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419R - Contagious, Infectious, and Transmittable Diseases

Students suffering from common contagious or infectious diseases shall be excluded from the public schools while in that condition. Decision concerning the exclusion of students suffering from common childhood diseases such as measles, chicken pox, impetigo, strep throat, scarlet fever, pediculosis, or scabies shall be made by the principal of the school in consultation with the school nurse on the basis of recommendations of the Virginia Department of Health as found in the communicable-disease reference chart for school personnel.

I. Procedures

The following procedures will be utilized in determining the attendance at school of any student who suffers from a disease or condition transmitted by blood or body fluids. Frederick County Public Schools will work cooperatively with the Health Department to ensure compliance with Virginia Code 22.1-271.3 for school attendance of children infected with human immunodeficiency virus (HIV).

A. Students are expected to be in compliance with an immunization schedule (Article 2, 22.1-271.2); however, some required immunizations may be harmful to the health of the student who is HIV infected or has AIDS. Students who are HIV infected or have AIDS may get an exemption from complying with the requirements (Virginia Code 22.1-272). School personnel will cooperate with public health personnel in completing and coordinating immunization data, exemptions, and exclusions, including immunization forms.

B. Mandatory screening for HIV infection is not warranted as a condition for school entry. Upon learning a student is HIV infected or has AIDS, the superintendent will consult with the individual's family and physician or a health official from the local department to determine whether the student is well enough to stay in school. Since it is known that HIV is not transmitted through casual contact, any student who is HIV infected will continue education in a regular classroom assignment unless the health status interferes significantly with performance.

C. If a change in the student's program is necessary, the superintendent or designee, family, and physician or health official will develop an individual plan which is medically, legally, and educationally sound. If the HIV student is receiving special education services, the services will be in agreement with established policies.

D. Parents/guardians may appeal decisions for restriction or exclusion as determined by the school division's established procedures.

E. All persons privileged with any medical information about HIV infected students shall be required to treat all proceedings, discussions, and documents as confidential information. Individuals will be informed of the situation on a "Need to Know" basis with written consent of the parent/guardian.

F. Universal precautions for handling blood will be implemented within the school setting and on buses. To ensure implementation of the proper standard operating procedures for all body fluids, the guidelines from the Virginia Department of Health will be followed. In-service training will be provided to all school personnel. Training will include local division policies; etiology, transmission, prevention, and risk reduction of HIV; standard operating procedures for handling blood and body fluids; and community resources available for information and referral. Periodic updates will be supplied through in-service or memoranda.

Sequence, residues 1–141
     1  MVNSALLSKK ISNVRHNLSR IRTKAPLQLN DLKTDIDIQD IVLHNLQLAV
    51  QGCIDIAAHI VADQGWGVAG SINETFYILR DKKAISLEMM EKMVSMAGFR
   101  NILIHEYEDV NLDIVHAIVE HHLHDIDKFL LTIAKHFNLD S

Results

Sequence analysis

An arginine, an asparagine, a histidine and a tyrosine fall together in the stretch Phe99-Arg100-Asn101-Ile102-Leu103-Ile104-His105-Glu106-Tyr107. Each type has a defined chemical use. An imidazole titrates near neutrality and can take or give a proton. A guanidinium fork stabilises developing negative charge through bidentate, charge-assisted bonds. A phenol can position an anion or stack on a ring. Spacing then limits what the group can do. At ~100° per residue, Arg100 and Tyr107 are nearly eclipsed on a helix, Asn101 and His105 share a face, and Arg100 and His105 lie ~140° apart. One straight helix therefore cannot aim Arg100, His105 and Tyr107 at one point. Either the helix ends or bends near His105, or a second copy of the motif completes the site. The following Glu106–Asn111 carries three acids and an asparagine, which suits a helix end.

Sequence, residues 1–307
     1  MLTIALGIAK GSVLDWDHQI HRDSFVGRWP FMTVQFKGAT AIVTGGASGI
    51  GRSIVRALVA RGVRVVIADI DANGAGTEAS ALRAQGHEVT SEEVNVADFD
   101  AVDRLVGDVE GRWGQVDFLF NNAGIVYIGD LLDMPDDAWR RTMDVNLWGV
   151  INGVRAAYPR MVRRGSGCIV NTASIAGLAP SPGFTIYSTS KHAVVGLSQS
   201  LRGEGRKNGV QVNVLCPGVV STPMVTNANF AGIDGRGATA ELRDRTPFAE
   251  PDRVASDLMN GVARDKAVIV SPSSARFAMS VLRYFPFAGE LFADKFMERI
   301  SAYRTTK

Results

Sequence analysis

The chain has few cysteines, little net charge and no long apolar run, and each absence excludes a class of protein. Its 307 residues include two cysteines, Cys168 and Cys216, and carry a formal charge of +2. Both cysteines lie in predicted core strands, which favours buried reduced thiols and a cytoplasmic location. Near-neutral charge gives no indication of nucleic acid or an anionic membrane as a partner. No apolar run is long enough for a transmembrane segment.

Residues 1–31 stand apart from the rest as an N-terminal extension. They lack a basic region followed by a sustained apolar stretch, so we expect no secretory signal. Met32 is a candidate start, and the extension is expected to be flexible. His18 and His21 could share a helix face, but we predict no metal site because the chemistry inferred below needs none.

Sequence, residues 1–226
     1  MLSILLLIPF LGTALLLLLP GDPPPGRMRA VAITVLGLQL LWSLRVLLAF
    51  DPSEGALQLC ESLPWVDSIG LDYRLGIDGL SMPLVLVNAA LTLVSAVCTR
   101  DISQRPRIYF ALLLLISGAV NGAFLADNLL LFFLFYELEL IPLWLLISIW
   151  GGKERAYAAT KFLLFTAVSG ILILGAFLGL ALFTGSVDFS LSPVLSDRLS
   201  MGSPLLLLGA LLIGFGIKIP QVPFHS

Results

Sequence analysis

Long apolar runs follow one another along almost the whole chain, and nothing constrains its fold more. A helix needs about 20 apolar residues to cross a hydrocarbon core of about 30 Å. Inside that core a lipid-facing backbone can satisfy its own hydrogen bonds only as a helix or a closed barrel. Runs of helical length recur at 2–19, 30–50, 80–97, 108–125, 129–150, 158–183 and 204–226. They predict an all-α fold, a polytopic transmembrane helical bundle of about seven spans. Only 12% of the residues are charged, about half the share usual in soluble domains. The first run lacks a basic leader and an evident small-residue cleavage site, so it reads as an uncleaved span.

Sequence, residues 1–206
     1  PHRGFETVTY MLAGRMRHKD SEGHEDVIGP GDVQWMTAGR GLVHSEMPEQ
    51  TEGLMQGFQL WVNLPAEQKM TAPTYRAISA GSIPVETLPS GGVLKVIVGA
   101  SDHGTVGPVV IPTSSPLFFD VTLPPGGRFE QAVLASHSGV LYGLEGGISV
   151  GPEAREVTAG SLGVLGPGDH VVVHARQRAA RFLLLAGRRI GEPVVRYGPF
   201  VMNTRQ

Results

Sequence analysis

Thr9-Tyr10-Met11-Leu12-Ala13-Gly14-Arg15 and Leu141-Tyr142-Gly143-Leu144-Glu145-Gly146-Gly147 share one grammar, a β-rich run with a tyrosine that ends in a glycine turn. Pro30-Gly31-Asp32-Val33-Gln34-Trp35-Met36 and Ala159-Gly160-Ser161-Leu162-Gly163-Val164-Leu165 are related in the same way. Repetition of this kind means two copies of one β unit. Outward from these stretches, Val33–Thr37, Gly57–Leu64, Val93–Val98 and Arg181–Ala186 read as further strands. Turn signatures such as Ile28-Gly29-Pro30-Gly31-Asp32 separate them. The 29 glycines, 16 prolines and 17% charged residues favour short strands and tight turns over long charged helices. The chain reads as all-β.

G. Comprehensive and age-appropriate instruction on the principal modes by which HIV is spread and the best methods for the reduction and prevention of AIDS are required to encourage the support and protection of the HIV infected student. To enhance school attendance, the school division will collaborate with public and private organizations in the provision of support services to HIV infected students.


II. Virginia Department Of Health Guidelines For Preventing Bloodborne Infections In Schools (February 2004)

Because the blood and certain body fluids (semen and vaginal secretions) of all persons must be considered potentially infectious for human immunodeficiency virus (HIV), hepatitis B and C, and other organisms, it is important to follow precautions. Fortunately, in the case of schools, one need only be concerned about blood. Universal precautions do not apply to feces, nasal secretions, saliva, sputum, sweat, tears, urine, and vomitus unless they contain blood. Despite the extremely remote risk that exposure of skin to blood could result in infection (the unabraided skin is an excellent defense against bloodborne organisms), the following precautions should be adhered to without any exceptions:

1. Those involved in cleaning surfaces contaminated with blood or rendering first aid to bleeding children should wear disposable gloves and avoid exposure of open skin lesions and mucous membranes to blood.

2. Surfaces contaminated with blood should be promptly cleaned with household bleach (1 part bleach to 9 parts water) using disposable towels and tissues.

3. Hands must be washed after gloves are removed.

4. If advertent contamination of the skin with blood were to occur, all that is required is thorough washing of the contaminated areas with soap and water.


III. Communications

When a potential exposure into an open wound, abraded skin, eye, nose, mouth, or other mucosal surface has occurred, the principal or school nurse will contact the parent or guardian of the student(s) involved. 



Approved: February 15, 1988
Amended: January 25, 2006